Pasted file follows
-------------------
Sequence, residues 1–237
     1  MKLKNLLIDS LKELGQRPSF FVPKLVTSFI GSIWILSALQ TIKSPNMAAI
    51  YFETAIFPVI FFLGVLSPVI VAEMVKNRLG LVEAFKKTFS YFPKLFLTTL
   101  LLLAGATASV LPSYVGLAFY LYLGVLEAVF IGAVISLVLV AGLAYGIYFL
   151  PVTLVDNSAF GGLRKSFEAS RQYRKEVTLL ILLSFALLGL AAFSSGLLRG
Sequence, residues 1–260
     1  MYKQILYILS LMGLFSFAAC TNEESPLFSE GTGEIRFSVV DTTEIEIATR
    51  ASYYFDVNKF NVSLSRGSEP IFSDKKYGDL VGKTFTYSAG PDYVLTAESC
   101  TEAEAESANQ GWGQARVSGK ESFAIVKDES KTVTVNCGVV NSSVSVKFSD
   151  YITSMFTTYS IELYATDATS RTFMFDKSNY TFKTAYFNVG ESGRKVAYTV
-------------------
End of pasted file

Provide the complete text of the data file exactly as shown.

Sequence, residues 1–237
     1  MKLKNLLIDS LKELGQRPSF FVPKLVTSFI GSIWILSALQ TIKSPNMAAI
    51  YFETAIFPVI FFLGVLSPVI VAEMVKNRLG LVEAFKKTFS YFPKLFLTTL
   101  LLLAGATASV LPSYVGLAFY LYLGVLEAVF IGAVISLVLV AGLAYGIYFL
   151  PVTLVDNSAF GGLRKSFEAS RQYRKEVTLL ILLSFALLGL AAFSSGLLRG
Sequence, residues 1–260
     1  MYKQILYILS LMGLFSFAAC TNEESPLFSE GTGEIRFSVV DTTEIEIATR
    51  ASYYFDVNKF NVSLSRGSEP IFSDKKYGDL VGKTFTYSAG PDYVLTAESC
   101  TEAEAESANQ GWGQARVSGK ESFAIVKDES KTVTVNCGVV NSSVSVKFSD
   151  YITSMFTTYS IELYATDATS RTFMFDKSNY TFKTAYFNVG ESGRKVAYTV